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Frozen Embryos Are Unborn Children

alabama supreme court control On Friday, it announced that frozen embryos are considered fetuses under state law, and anyone who destroys them could be held liable.

The case centers on whether the reproductive health center can be held liable under the Wrongful Death of Minors Act after patients accessed, dropped, and destroyed several couples’ frozen embryos in 2020. There is. Embryos were created for the required process. In in vitro fertilization (IVF), “mature eggs are taken from the ovaries, fertilized by sperm in a laboratory, and [and] A procedure then takes place in which one or more fertilized eggs, called embryos, are placed in the uterus, where the baby will grow. ” according to Go to Mayo Clinic.

The state’s high court ultimately reversed a lower court’s decision not to recognize frozen embryos as fetuses. The Alabama Supreme Court has ruled that it is “public policy” to recognize “the sanctity of unborn life and the rights of unborn children,” based on the Sanctity of Unborn Life Amendment adopted into the state constitution in 2018. he declared.

“This court has held that a fetus is a “child” for purposes of Alabama’s Wrongful Death of a Minor Act, which allows parents of a deceased child to recover punitive damages for the child’s death. “This has been the case for a long time,” the opinion states.

“The central issue raised in these consolidated appeals concerns the death of embryos kept in cryogenic nurseries, and the law does not include extrauterine children, i.e. children born outside the biological womb. “The question is whether there is an implied exception to that rule for the fetus located at the moment it is killed,” the judge continued. “Under the current Black Book Act, the answer to that question is no. The Wrongful Death of a Minor Act applies to all unborn children, regardless of where they live.”

The justices said the provisions of the Wrongful Death of Minors Act were “broad and unqualified.”

Infertility treatment using embryo biotechnology. (Getty Images)

“This applies without restriction to all children, born and unborn,” they wrote. “It is not the role of this court to create new limits based on our own views about what is or is not prudent public policy.” This is especially the case if a constitutional amendment is adopted whose direct purpose is to prevent the exclusion of the “fetus” from legal protection.”

In a concurring opinion, Judge Tom Parker cited the Bible when considering the “sanctity of the unborn child.”

“No human life can be unjustly destroyed without incurring the wrath of a holy God, who considers the destruction of his images an affront to himself,” Parker wrote. “Every human being bears the image of God before he is born, and his life cannot be destroyed without diminishing the glory of God.”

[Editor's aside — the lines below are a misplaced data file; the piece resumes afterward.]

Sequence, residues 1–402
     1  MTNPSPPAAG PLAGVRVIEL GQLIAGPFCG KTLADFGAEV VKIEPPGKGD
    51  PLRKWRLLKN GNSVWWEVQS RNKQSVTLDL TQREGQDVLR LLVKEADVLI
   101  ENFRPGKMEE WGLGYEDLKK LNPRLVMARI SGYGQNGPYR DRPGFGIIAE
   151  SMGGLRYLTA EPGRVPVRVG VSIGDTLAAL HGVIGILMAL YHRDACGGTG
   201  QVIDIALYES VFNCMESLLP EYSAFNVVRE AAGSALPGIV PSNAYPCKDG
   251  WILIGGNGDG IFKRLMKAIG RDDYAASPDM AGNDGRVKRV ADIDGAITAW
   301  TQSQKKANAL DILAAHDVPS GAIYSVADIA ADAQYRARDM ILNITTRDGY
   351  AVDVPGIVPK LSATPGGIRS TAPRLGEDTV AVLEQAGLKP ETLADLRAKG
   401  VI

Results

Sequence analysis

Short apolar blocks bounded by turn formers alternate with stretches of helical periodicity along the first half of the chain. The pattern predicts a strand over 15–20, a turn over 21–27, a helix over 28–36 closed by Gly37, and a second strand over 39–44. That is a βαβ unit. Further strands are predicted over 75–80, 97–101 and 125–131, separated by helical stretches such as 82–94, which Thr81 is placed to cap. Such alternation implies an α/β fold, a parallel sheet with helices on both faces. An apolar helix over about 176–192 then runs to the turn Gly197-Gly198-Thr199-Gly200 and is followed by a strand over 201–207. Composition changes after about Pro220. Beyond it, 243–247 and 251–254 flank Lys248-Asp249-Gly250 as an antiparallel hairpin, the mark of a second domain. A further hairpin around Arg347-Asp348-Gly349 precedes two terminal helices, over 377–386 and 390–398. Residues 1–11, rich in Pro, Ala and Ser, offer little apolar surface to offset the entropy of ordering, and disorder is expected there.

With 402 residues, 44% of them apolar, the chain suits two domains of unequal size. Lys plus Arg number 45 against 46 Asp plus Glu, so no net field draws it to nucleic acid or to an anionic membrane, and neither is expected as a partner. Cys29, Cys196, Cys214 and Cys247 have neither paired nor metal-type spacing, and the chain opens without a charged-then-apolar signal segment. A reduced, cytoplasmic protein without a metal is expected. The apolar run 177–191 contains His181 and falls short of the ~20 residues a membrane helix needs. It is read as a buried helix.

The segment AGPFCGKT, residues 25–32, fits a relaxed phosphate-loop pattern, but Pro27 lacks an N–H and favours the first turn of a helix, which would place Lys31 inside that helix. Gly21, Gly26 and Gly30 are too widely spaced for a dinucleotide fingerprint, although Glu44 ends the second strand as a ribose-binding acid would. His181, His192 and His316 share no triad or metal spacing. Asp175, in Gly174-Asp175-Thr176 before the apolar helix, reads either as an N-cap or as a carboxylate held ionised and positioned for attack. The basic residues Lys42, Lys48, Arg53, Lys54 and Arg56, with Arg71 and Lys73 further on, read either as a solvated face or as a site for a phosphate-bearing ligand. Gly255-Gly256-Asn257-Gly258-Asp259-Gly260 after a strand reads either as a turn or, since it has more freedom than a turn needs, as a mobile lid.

Judge Gregory Cook dissented, warning that the decision “almost certainly eliminates the creation of frozen embryos through in vitro fertilization (IVF) in Alabama.”

Parker disagreed with Cooke’s assessment, writing that the Alabama Legislature could choose to legislate in the field of IVF, but that IVF has been “largely unregulated in the United States” for decades. Some commentators even likened it to the Wild West.

“For example, in Australia and New Zealand, prevailing ethical standards dictate that doctors usually create only one embryo at a time,” he wrote.

he added:

Regarding the related issue of embryo transfer (the process of implanting an embryo into the uterus), in Australia and New Zealand, over 90% of embryo transfers occur only once at a time. Similarly, European Union (“EU”) countries have legal limits on the number of embryos transferred in one cycle. In EU countries, 58% of embryo transfers contain only one embryo and 38% contain two embryos. Therefore, 96% of embryo transfers in EU countries involve no more than two transfers at a time.

Such restrictions on embryo creation and transfer necessarily reduce or eliminate the need for long-term embryo storage. Italy went a step further, banning the cryopreservation of embryos unless there are genuine health risks or force majeure that prevent them from being transferred immediately after creation21. All these measures protect the life of the unborn child and still allow the couple to become parents.

“Thus, while this decision will result in certain changes to the IVF industry’s current embryo creation and handling in Alabama, to the extent that Judge Cook predicts that IVF will end in Alabama; “There appears to be no sufficient basis for that prediction,” he concluded.

This is the first such judgment. washington post report.

“[A]According to the reproductive rights group Pregnancy Justice, at least 11 states have state laws that broadly define personhood as beginning at conception…” the report states.

The case is Lepage vs. Reproductive Medicine CenterNo. SC-2022-515 and No. SC-2022-579 of the Supreme Court of Alabama.

Katherine Hamilton is a political reporter for Breitbart News. You can follow her at @thekat_Hamilton.

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